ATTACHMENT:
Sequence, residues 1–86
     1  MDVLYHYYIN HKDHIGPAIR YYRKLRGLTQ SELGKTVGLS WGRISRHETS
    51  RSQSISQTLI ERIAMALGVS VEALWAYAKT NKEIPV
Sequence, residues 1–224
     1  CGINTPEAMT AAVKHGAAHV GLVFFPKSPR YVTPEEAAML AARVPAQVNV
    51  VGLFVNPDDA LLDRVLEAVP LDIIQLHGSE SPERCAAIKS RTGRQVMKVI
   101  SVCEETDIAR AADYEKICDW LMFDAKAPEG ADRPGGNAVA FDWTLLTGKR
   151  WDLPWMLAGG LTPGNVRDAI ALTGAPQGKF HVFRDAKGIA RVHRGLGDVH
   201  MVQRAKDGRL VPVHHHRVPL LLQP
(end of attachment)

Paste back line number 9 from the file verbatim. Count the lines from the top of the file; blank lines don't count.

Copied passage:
   201  MVQRAKDGRL VPVHHHRVPL LLQP